A Prognosis Marker in Stroke A Prognosis Marker in Stroke

The study covered in this summary was published on ResearchSquare.com as a preprint and has not yet been peer reviewed.

Key Takeaways

  • Secondary injury to brain tissue from ischemic stroke can result from brain tissue edema, inflammation, or neuronal damage, with resulting changes in serum amino acid metabolites.

  • Analysis of amino acid profiles of convalescent stroke patients and healthy participants revealed significant differences between the two groups. In stroke patients, levels of phosphoserine, glutamic acid (Glu), isoleucine, leucine, phenylalanine, arginine, and proline were increased, and levels of taurine (Tau), cystine, methionine, β-alanine, and histidine were decreased compared with the control group, indicating that amino acids had high diagnostic efficiency.

  • Glutamate is known to be neurotoxic, and increased levels have been found in stroke patients in previous studies. Taurine is neuroprotective and can modulate the neurotoxic effects of glutamate and mitochondrial disorders. The value of Tau/Glu measured weekly in the study participants increased gradually and correlated with improved prognosis, suggesting that Tau/Glu level can be used as a potential prognostic marker.

Why This Matters

  • Stroke is the second most common cause of death worldwide and a major cause of disability.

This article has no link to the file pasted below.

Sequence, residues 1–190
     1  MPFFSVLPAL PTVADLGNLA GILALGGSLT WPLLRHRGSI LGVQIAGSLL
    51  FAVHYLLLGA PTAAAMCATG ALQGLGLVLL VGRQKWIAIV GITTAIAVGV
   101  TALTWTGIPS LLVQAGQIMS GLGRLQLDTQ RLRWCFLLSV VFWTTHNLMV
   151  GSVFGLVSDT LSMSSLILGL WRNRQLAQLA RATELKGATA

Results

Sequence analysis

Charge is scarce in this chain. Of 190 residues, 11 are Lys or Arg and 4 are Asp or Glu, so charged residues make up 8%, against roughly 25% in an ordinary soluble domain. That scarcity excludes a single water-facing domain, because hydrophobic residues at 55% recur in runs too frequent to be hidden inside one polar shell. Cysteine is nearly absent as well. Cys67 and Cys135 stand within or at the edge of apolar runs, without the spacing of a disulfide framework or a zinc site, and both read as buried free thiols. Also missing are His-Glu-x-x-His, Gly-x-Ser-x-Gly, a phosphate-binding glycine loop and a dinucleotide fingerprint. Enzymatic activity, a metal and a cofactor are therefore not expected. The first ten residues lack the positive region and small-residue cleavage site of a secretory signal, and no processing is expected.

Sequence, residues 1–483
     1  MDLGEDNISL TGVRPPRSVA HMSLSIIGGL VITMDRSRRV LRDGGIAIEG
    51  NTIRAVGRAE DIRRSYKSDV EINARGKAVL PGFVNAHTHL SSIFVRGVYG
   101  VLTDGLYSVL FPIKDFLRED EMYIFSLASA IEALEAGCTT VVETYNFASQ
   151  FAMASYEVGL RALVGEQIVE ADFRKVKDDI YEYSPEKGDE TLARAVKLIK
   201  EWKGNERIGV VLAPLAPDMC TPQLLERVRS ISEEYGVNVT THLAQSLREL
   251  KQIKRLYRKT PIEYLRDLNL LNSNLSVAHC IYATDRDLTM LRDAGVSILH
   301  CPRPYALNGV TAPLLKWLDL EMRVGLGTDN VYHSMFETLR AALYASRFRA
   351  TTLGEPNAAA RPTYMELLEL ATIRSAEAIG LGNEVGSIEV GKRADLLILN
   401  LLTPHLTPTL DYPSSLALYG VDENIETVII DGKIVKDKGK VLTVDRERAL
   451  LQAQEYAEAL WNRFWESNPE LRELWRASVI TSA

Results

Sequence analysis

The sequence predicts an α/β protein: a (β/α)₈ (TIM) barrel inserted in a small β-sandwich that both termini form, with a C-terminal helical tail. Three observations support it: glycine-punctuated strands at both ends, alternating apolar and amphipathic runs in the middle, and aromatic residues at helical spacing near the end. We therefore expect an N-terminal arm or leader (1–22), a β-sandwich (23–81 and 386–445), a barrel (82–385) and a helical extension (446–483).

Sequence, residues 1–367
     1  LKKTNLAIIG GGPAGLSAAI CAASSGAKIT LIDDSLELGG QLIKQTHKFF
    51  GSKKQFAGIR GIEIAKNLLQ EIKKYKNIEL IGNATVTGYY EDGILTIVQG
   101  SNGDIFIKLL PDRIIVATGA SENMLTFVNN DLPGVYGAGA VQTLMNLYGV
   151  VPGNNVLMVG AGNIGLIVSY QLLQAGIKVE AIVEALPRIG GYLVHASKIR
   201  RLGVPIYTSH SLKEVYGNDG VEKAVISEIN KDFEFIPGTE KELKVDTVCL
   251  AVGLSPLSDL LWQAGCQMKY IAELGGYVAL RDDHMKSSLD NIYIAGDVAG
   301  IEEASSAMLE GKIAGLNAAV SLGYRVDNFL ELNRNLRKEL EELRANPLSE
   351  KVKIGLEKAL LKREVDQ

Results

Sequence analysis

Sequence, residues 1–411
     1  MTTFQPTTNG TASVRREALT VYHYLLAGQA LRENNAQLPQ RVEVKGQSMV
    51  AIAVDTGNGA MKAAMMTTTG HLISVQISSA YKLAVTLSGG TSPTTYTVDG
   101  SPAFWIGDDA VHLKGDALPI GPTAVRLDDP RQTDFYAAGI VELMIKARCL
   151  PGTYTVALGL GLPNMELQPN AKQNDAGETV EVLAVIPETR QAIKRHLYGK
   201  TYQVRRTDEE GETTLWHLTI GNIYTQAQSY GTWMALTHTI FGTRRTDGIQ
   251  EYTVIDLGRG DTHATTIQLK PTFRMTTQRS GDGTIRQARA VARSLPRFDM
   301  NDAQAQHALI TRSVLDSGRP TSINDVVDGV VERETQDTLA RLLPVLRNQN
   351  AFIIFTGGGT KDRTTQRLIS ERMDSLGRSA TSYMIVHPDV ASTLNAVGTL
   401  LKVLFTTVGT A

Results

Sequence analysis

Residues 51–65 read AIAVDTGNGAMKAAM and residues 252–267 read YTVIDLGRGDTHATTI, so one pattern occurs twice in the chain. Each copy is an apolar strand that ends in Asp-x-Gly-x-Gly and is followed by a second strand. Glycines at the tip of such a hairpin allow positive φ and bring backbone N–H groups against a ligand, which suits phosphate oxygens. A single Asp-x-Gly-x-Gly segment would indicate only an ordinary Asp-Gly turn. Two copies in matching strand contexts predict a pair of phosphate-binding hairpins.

• Investigating the metabolic changes that occur with stroke and identifying markers of stroke prognosis can help optimize patient care and aid in healthcare resource allocation.

Study Design

  • Forty-eight convalescent patients at least 14 days post ischemic stroke were divided into two groups, distinguished by Barthel index (BI) assessment of activities of daily living: a good-prognosis group (BI > 60) and a poor-prognosis group (BI ≤ 60). An equal number of healthy participants were used as controls.

  • Fasting blood samples were drawn, and serum amino acid values were measured from all participants weekly for a period of 5 weeks. Standard statistical analysis of differences in these parameters between the groups was performed.

Key Results

  • The authors assert that the value of Tau/Glu in the good-prognosis group increased significantly over the 5-week study period. The value of Tau/Glu in the poor-prognosis group did not show a significant difference during the 5 weeks, and there was a significant difference in the fifth week between the good-prognosis and the poor-prognosis groups.

  • Furthermore, the researchers state that analysis of the receiver operating characteristic curve comparing Tau/Glu between two subgroups yielded an AUC of 0.964, and the cut-off value was 0.79; therefore, Tau/Glu level can be used as a potential prognosis marker. Convalescent patients with a ratio > 0.79 can be considered to have a good prognosis.

Limitations

  • The sample size was small, and more participants would help verify findings.

  • Further studies are needed to investigate the role of Tau/Glu and to seek more biomarkers to aid treatment of stroke patients.

Study Disclosures

This is a summary of a preprint research study, “Amino acid metabolism and prognostic markers in ischemic stroke patients,” by Chenxi Zhang and colleagues from Beijing Tiantan Hospital on Research Square provided to you by Medscape. This study has not yet been peer reviewed. The full text of the study can be found on ResearchSquare.com.